<p>This is a study of government communication planners' talk. While government communication has increasingly become the topic of methodical precept, studies on the mundane practice of government communication are rare. The current study attempts to fill this major gap. More specifically, the aim of the study is to explain the interactional resources which communication planners use to make sense of government policies and the actions they may accomplish through their reports on these policies.<p>In its method and perspective, the study is an attempt to forestall the idealization of communication planners' practices which can be found in many of the introductory books on government communication. It draws on a form of discourse analysis which studies talk in its ' <em>natural</em> ' surroundings. Rather than considering language as a neutral medium for the description of reality, discourse analysis as developed by the British social psychologists Potter, Edwards and Wetherell, focuses on the social and constructive nature of language. Informed by such diverse sources as linguistic philosophy, ethnomethodology, post- structuralism and social studies of science, its concern is with the things people <em>do</em> with their language and the contextual resources they deploy for these actions.<p>Discourse analysis sheds new light on the nature of government communication. In its official appearance, government communication reflects the traditional conception of language as a passive medium for the transmission of information. It implies that communication planners, that is, government communicators and policy experts, can transmit political messages without touching upon or 'contaminating' the nature and aims of the policies to be communicated. From a discourse-analytic perspective, however, government communication is not so much representation as representational <em>practice</em> or <em>discursive</em> representation. This thesis shows how and to what purpose communication planners represent policies when producing a government communication campaign.<p>The data on which this study is based, has been collected at the Ministry of Social Affairs and Employment in the Netherlands. It concerns detailed transcriptions of 'natural' conversations between government communicators, policy makers and advertising managers. Four government communication campaigns were chosen for this study: the Disability Facilities Act or <em>WVG</em> campaign, the Disability Insurance Act or <em>WAO</em> campaign, the campaign on the Social Fiscal number or SoFi campaign and, finally, the campaign against <em>Sexual Harassment.</em><p><em>Chapter 5 is</em> the first analytical chapter. It explores in detail how communication planners formulate the central message of the campaign. In particular, I focus on how communication planners make sense of government policies by juxtaposing and contrasting the needs of what they consider to be their main audiences. Their active orientation to the wishes of varying audiences, ranging from politicians to press and public, establishes a complex picture of often contradictory claims as the starting-point for their message. Depending on the target group they orient to, communication planners are either caught in an <em>efficacy</em><em>dilemma</em> or in a <em>political dilemma.</em> These dilemmas are managed by a variety of discursive devices.<p>First, in the case of the campaign against Sexual Harassment, communication planners make sense of the policies in terms of an <em>efficacy dilemma:</em> how to make the message known to the 'official' target group without hurting its feelings? I show how they manage this dilemma by formulating it from a rhetorical point of view, namely, by taking potential counterarguments from sex offenders and their victims into account. The problem is how to meet these counterarguments without changing the policies to be communicated.<p>In the other three campaigns, that is, the WVG (Disability Facilities Act)campaign, the <em>WA</em> O (Disability Insurance Act)-campaign and the campaign on the Social Fiscal number or <em>SoFi</em> campaign, communication planners are caught in a <em>political dilemma:</em> how to convey the message without compromising the government? In contrast to the campaign against Sexual Harassment, in which the 'official' target group is oriented to, communication planners predominantly attend to the political domain as being their target audience. Whereas, in the campaign against sexual harassment, 'not hurting people's feelings' is used as a way to make the message more effective, in these three other campaigns the adage 'not hurting people's feelings' is treated as a way to serve the putative interests of the government. In practice, this means avoiding rather than generating publicity about the sensitive aspects of the policies in question. Three discursive devices through which the political dilemma is managed, are distinguished: 'factual' or information campaigns, selective omissions and couching the message in terms of a shared interest of government and citizens.<p>This picture of communication planners as participants who are actively involved in reformulating policies in order to satisfy the political audience and/or their official target groups, runs contrary to notions of communication planners as passive intermediaries who <em>transmit</em> their message to one specific target audience. Government communication that should 'stand for' or represent the views which are politically approved of, presumes a technical, linear relationship between the policy to be communicated and the communication which results from it. However, communication planners, while determining the central message of a campaign, put new life into apparently dead material. Communication planners mould and remould their messages in order to be able to satisfy a multiparty recipiency.<p>In <em>Chapter 6,</em> I examine how communication planners, in their construction of government policies, attend to their own accountability. The chapter confines itself to accountability practices in the case of the WVG campaign, the WAO campaign and the SoFi campaign, that is, the campaigns in which the communication planners are caught in a <em>political dilemma.</em> Three observations indicate that through formulating the political dilemma, planners attend to their own problems of accountability. First, in those passages in which the <em>contentiousness</em> of the policies is at issue, communication planners try to secure their official neutral status: they portray themselves as participants who merely transmit government policies, thereby preventing others from holding them personally accountable for the content of the policies or their veiled presentation. I note that the attributions of accountability to the political domain, and, through these attributions, the planners' reference to their own neutrality, can be considered redundant. The fact that they confirm their official status, facing an audience of colleagues that can be expected to be familiar with their task, is a second indication that communication planners consider themselves at least potentially accountable for the policies to be communicated. Third, they underline this neutral status time and again. It is the persistent nature of this denial of accountability for 'controversial' policies, that works reflexively to mark its problematic character. I suggest that, in repeating their non-accountability, communication planners co-implicate each other in their own problems of accountability and 'fish' for solutions at the same time.<p>The conclusion that, despite their neutral status, communication planners feel accountable for the policies they communicate to the public, helps us to understand why communication planners actively try to prevent political commotion. Appealing to a formally neutral stance is not treated by communication planners as a guarantee that they will not be held accountable anyway. Communication planners therefore employ a <em>double defence</em> against potential criticism. On the one hand, they try to establish and maintain their status as passive intermediaries of government policies, on the other, they formulate the message in such a way that they can be held accountable, if necessary. After the campaigns had taken place, communication planners again presented themselves as neutral messengers. Either they attributed the wish to compose veiled messages to other participants or they simply denied having tried to present the policies in a reduced or disguised form.<p><em>Chapter</em> 7 shows how the efficacy dilemma (how to make the message known to the 'official' target group without hurting its feelings) is rooted in the acceptance of accountability for the message. In contrast to the political dilemma, communication planners not only feel accountable for the policies to be communicated, but also accept this accountability. That is, they orient to sexual harassment as being a genuine problem, thereby allowing themselves to be held accountable for policies rooted in this problem. 1 argue that the acceptance of accountability for the policies results in a message which is designed to be effective. In the campaign against sexual harassment, the message is designed to convince boys that they are not 'entitled' to girls: no matter what the situation is, girls can refuse. Chapter 7 shows in detail that the message is made effective by heavily drawing on the known-in-common characteristics of sex offenders and their victims, which are precisely those which the message has to undermine.<p>By drawing on putative common sense, communication planners try to meet the expectations of the target group to such an extent that the message is effective. However, the question is what this effectiveness comprises. This is also an important matter of negotiation for communication planners themselves. At the root of the efficacy dilemma is the question: to what extent do I have to <em>meet</em> the taken-for-granted assumption which 1 want to challenge? Solving this tension is a practical and ongoing task, which asks for an active involvement with the policy to be communicated, rather than a passive transmission of it. As in the case of campaigns with sensitive policies, communication planners are cautious in 'confessing' their concessions to the target group (the political audience or a group of citizens), or, in other words, their deviations from what they treat as the 'official' message. Communication planners always present themselves in terms of what they officially are: neutral messengers of government policies.<p>In <em>Chapter 8,</em> I draw together the conclusions and provide some insight into the implications of the study. A main conclusion of this study is that communication planners are active participants in the process of formulating and reformulating government policies, rather than passive intermediaries of these policies. The neutral status of communication planners is used to perform defensive actions with. It is proposed to provide government communicators with the status of a policy maker. This status would bring their official accountability in line with their daily practice. Recent developments in communication studies advise communicators to lay aside their neutral role, and become official participants in policy processes. The role of the communicator would have to change from a passive intermediary into a facilitator. This can be considered a step forward. However, the status of facilitator may become be as problematic as the status of a passive intermediary. To a great extent, this depends on the kind of responsibility the facilitator is officially attributed with. This is an important new area of research. In any case, as long as communication planners are not fully and officially accountable for the policies they communicate, the tension will never entirely disappear.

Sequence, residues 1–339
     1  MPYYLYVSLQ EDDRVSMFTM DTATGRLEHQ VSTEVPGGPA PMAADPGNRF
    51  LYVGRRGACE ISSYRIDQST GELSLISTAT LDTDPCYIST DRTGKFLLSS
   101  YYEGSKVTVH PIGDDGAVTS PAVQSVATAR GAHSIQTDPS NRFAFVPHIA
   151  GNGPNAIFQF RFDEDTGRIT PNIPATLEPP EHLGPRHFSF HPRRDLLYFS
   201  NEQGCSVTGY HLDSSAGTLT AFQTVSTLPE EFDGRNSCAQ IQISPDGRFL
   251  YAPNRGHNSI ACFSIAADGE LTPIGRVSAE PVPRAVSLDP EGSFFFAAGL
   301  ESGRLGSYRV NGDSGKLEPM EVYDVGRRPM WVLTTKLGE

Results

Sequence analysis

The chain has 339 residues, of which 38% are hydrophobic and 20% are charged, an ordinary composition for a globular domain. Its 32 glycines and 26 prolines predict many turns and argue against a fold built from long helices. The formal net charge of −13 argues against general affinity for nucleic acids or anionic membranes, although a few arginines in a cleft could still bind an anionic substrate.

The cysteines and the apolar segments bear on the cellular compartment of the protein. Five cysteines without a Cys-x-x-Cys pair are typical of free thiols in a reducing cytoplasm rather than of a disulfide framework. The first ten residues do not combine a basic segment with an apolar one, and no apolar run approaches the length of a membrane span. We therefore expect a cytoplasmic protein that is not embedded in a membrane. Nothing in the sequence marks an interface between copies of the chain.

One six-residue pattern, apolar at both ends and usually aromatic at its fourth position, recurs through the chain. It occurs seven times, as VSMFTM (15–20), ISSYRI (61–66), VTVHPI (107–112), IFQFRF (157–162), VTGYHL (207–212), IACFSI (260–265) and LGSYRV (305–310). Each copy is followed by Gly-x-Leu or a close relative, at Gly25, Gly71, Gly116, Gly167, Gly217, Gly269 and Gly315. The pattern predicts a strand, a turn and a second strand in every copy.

|Qualification||Doctor of Philosophy|
|Award date||18 Dec 1995|
|Place of Publication||S.l.|
|Publication status||Published - 1995|
- public authorities
- nonverbal communication